Adding weather strips to windows and doors reduces air leaks, making a cabin more comfortable and energy efficient. While it may not last as long as caulk, weather stripping technology also has progressed. So in addition to the felt Grandpa may have tacked to the door jamb, you’ll find lots of options. These include adhesive-backed foam or tape, tubular gaskets, door sweeps and V-strips. Weather stripping may be made from vinyl, metal, open- or closed-cell foam, rubber – or a combination thereof. Desired location and appearance, durability, depth/width of the gap, and cost are all factors to consider. (Just like anything else, expect to pay more for quality.) Whatever kind you choose, weather stripping should fit snugly and meet tightly at the corners. It should also be thick enough to press tightly between door and jamb or window sash and frame, but not so thick as to make it hard to close.

  • Adhesive-backed foam tape comes in rolls, is inexpensive (can be under a dollar per foot), and is easy to install. It’s best for where the sides of a door or the bottom of a window sash close against the frame. Alas, the tape loses its grip over time and may pull away from the door or window frame, leaving a sticky residue behind. Foam also loses the ability to spring back and cushion the gap. It may last up to five years, depending on the brand.

  • Felt is still on the market, though it’s not as effective or durable as other types. It comes in rolls of either plain felt, or reinforced with a flexible metal strip. Staple or nail plain felt around a door frame; reinforced felt can be used around both windows and doors. It usually lasts up to two years before you need to replace it.

  • Tubular gaskets are effective for large and/or irregular gaps you’ll find around an old cabin door. They are hollow and compressible. When the door presses against the gasket, it forms a tight seal. Less expensive ones are peel-and-stick; better gaskets have a flange that can be tacked or stapled in place. These may last five years or more.

  • V-Strips (aka tension seal) are springy strips of vinyl or metal folded lengthwise into a V-shape. (Face the opening outward towards the elements.) They are designed to bridge the gap between door and jamb, or the sides of a window sash and frame, but can be hard to install. Vinyl ones are self-adhesive and last a bit longer than tape; copper or bronze ones are more costly, but look better and can last for years.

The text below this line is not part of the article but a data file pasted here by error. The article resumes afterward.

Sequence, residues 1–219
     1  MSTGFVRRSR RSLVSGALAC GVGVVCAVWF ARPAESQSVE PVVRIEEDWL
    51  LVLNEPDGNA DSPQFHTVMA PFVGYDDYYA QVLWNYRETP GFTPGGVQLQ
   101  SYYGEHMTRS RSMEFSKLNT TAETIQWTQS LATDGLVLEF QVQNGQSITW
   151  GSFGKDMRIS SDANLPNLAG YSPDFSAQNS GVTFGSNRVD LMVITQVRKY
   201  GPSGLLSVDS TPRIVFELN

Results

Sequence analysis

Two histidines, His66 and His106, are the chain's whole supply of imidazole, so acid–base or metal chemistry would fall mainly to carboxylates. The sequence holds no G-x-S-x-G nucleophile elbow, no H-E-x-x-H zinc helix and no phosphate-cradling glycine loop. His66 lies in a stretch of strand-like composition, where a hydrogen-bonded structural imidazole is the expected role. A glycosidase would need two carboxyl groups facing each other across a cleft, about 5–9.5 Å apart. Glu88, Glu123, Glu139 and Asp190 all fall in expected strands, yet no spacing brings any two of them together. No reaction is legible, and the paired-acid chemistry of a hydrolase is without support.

• Door sweeps are mounted to the bottom of a door. A flexible vinyl or rubber flap seals the gap between door and threshold. Steel or fiberglass doors usually require a slide-in or snap-on sweep. L-shaped sweeps for wood doors screw onto the interior side of the door. Wraparound U-shaped sweeps fit under a door.


Breaking down four caulk options

Pure silicone

Pure silicone withstands extreme weather and adheres to glass and metal, but not to wood – with some exceptions. It is thick and can be hard to gun; for cleanup, use a solvent like mineral spirits or paint thinner.


Butyl rubber

Butyl rubber is stretchy and the most water-resistant, so it’s ideal for gutters, roofing, flashings, and around skylights. But it’s stringy and can be hard to work with; it requires solvent cleanup. Also, be aware that this product is combustible.



Polyurethane is durable and adheres to practically everything. That makes it a good choice for sealing joints, since building materials expand and contract at different rates. But it can be hard to apply, and requires solvent cleanup. Newer hybrid formulas that combine properties of different types give you even more options. For example, siliconized acrylic latex has improved flexibility and water-resistance for exterior use, combined with easy cleanup. And today’s modified silicone (MS) polymers combine the best qualities of silicone, polyurethane and water-based caulks for great adhesion, movement/flexibility (you might see “elastomeric” on the label), paint-ability, durability and resistance to weather. 


Seasonal Checkup

The cabin’s already caulked, you say? That old stuff your dad applied might not be pulling its weight. Caulk lasts anywhere from two years to 50, depending on the type. Over time, it deteriorates due to weathering and the cabin’s structural movement. Deterioration may be uneven, depending on exposure. For example, caulk on one side of a cabin may blister or discolor, while the same product on the opposite side is fine. Incorrect application – not choosing the right caulk for the location or following the instructions – can also lead to problems. Whatever the cause, if you see that caulk isn’t making the full bond from one side of the joint to the other, remove it, clean and re-caulk. 


Fran Sigurdsson likes to talk the caulk at her lake house in New York’s Adirondacks. She is happy to leave the actual caulking to her hubby, Hal.